Only physicians working as part of a multi-disciplinary team should prescribe Pfizer's Sutent (sunitinib malate) for renal cell cancer, say experts
speaking at the recent European Association of Urology congress held in
Prof Joaquim Bellmunt of the University Hospital del Mar, Barcelona, said:
“Targeted therapies need specialised treatment, and should be prescribed by medical oncologists working as part of a specialised multi-disciplinary team that meets regularly to discuss patients’ overall treatment.
“In the UK there’s not a great deal of experience with the newer, targeted
therapies in the urological cancers but there’s a need for all professionals
to work more closely together.”
Prof Bellmunt explained that the side effects seen with Sutent and other
tyrosine kinase inhibitors were milder than those associated with cytokine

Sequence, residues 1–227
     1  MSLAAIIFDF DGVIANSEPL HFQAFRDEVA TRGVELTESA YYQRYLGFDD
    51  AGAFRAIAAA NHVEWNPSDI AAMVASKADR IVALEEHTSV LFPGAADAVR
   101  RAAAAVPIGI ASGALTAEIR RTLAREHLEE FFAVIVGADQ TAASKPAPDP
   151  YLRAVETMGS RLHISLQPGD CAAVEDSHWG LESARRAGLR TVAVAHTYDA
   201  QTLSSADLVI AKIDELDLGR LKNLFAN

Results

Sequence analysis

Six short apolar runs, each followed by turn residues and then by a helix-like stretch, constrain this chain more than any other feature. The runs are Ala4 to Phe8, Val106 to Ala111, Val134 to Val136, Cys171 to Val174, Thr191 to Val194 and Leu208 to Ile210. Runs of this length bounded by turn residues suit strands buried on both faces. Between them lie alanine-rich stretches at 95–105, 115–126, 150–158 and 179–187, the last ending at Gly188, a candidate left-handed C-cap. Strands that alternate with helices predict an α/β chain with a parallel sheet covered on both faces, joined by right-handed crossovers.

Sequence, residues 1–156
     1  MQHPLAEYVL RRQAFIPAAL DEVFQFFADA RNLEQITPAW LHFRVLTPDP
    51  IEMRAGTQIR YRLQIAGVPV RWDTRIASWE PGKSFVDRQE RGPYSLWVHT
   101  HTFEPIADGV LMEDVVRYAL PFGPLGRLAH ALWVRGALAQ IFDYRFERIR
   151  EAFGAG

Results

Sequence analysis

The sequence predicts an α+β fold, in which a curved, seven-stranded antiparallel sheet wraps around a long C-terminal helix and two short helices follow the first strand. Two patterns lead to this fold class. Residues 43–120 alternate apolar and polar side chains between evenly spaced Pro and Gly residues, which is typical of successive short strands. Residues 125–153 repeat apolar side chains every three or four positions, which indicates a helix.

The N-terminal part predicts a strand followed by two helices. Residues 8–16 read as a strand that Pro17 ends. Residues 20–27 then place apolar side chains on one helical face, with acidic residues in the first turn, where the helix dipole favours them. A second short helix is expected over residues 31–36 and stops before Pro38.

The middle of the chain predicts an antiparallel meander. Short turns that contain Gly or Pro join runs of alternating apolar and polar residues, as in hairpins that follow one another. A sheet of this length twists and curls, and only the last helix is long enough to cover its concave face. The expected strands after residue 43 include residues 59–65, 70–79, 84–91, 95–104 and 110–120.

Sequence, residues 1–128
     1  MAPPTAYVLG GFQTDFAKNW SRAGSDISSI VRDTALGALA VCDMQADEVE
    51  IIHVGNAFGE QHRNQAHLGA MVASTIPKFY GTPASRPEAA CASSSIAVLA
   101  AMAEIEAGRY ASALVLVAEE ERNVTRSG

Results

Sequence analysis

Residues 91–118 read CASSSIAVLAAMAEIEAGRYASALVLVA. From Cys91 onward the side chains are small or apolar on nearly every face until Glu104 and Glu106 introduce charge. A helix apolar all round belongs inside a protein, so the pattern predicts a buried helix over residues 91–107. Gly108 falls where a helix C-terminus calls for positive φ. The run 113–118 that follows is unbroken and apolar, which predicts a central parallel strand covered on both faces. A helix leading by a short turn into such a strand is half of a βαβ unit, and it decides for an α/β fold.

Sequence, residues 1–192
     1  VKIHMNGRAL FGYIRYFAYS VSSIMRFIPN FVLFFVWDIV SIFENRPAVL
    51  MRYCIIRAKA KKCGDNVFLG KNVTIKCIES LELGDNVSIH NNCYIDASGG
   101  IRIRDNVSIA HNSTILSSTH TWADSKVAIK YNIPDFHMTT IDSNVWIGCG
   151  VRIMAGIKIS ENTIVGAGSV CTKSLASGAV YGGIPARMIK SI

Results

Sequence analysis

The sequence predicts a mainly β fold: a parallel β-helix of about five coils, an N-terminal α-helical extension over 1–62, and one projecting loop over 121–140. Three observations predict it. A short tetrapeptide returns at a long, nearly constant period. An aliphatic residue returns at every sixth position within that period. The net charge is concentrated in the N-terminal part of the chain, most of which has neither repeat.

therapy but they could be distressing to patients. As the newer therapies
are oral, and so self administered, it was crucial that patients were told
of potential side effects and actively managed.
“Early identification of adverse events and intervention is important so
that dose interruption or reduction can be avoided, as well as easing
patient’s discomfort,” said Prof Bellmunt. Side effects include fatigue, hypertension, hand and foot syndrome, GI, haematological and dermatological changes, and very rarely changes in left ventricular ejection fraction.
The EAU has just issued new guidelines that recommend Sutent as first line treatment in all patients with advanced and/or metastatic renal cell
carcinoma (mRCC). The advice is based on data that shows patients taking
Sutent had more than doubled prolonged progression-free survival (PFS)
compared to patients on interferon, which is known to work in only a small
proportion of patients with RCC.
Experts at the Congress hailed targeted therapies as a major advance in
mRCC. While they agreed that nephrectomy would remain gold standard for most patients with RCC Prof Jean-Jaques Patard from Rennes University
Hospital, France said: “Not all patients will benefit from nephrectomy and
we should go straight to systemic treatment.” He added that despite a lack
of evidence regarding adjuvant treatment for RCC the positive data for
tyrosine kinase inhibitors made them a logical choice for adjuvant
treatment. By Maya Anaokar